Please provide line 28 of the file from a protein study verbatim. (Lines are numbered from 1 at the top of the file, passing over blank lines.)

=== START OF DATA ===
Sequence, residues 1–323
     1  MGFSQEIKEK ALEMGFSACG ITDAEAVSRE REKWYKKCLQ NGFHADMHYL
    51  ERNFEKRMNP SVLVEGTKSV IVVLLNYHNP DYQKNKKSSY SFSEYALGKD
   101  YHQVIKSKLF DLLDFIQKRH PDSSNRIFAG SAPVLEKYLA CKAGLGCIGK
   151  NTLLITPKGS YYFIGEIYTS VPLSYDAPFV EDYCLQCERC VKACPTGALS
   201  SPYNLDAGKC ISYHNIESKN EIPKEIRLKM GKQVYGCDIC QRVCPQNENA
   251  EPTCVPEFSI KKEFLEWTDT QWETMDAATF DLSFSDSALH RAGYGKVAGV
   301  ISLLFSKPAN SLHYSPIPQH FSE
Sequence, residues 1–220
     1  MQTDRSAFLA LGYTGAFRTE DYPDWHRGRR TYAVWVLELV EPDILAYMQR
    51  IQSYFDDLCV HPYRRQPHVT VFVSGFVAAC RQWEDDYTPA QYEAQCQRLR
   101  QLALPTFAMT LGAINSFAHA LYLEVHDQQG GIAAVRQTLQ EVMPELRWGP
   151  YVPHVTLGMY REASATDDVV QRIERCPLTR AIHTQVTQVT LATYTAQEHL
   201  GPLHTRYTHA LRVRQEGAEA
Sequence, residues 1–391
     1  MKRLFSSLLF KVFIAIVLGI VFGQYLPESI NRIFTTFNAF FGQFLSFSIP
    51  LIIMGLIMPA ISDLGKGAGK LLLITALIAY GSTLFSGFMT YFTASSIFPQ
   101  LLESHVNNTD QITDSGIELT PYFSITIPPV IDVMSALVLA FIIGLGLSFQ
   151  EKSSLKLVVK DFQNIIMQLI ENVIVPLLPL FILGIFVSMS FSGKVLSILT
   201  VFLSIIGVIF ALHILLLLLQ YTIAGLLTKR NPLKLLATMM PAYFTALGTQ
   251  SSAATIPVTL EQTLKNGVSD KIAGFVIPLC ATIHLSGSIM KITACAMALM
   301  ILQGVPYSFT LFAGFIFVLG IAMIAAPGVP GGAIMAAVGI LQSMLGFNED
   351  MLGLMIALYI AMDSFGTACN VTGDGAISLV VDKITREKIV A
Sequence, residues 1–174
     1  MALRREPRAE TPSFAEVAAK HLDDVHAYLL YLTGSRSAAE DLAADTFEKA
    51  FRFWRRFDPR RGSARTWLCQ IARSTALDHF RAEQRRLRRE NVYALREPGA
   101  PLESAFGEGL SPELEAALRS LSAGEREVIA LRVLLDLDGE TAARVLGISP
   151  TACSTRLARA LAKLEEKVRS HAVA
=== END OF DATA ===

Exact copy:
   151  TACSTRLARA LAKLEEKVRS HAVA